I don’t see this book hyped enough, so let me give it a try.

“Parents, lock up your daughters. Get the pets in the storm cellar. Prepare for the end of your comic consciousness because here comes Manhunter to blow the doors off your life. We hesitate to call the book awesome, not because it would be too over the top but because even that word cannot summarize the power this periodical will bring to bear on your life. When that guy said, “Whereas once I was blind, now I see” he was probably talking about this comic. Your three dollars pays for the whole seat (?!) but you’ll only need the edge!!!!!!”

Wow…think I have a future in writing solicitations?



If one can overlook how DC’s supposed goals with this series (a highly accessible iconic book for “new” readers, such as children) jives with a statueesque Vicki Vale in pink lingerie, this isn’t a bad read. I like that Lee manages to nicely meld his art with Miller’s sensibilities in that final shot of Batman. Actually artwise, I’m pretty pleased with this book.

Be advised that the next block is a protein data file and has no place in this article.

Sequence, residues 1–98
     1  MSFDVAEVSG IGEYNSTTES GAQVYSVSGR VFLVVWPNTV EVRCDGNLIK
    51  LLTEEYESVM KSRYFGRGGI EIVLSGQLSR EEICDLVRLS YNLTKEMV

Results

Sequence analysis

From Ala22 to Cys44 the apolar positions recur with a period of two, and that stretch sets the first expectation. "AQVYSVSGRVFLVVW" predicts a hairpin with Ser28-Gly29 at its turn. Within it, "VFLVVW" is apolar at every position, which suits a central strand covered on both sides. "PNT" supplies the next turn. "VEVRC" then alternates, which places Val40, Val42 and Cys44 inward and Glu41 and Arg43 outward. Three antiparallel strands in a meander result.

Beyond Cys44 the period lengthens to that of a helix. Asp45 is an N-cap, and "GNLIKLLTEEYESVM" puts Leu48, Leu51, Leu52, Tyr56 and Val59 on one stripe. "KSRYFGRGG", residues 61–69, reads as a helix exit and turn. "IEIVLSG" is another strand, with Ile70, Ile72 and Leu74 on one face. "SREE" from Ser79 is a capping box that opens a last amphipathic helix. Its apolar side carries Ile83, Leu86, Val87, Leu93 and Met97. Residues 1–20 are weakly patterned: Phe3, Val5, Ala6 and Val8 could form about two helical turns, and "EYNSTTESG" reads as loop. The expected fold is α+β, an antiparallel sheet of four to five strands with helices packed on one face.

Writing wise, Miller makes some small choices that I don’t love, but can get over pretty easily. The sniper attack on Grayson’s parents doesn’t improves his origin for me or draw the parellel to Bruce that I was hoping for. The idea of Bruce watching Dick waiting for him to become old enough to “activate” is a bit creepy even for Bats. Finally, the whole “welcome to the war,” thing makes Batman seem pretty heartless, something he does quite a nice job of in the main DCU thank you very much. But eh. They’re minor problems now and most likely won’t even be a thought to me in an issue or two. It’s a decent start overall.


Talk about a momentum killer. A Gabrych drop in does little to tie into the current dramatic thrust of Batman and thus is instantly forgettable and unnotable, except in its ability to rob Batman of its head of steam.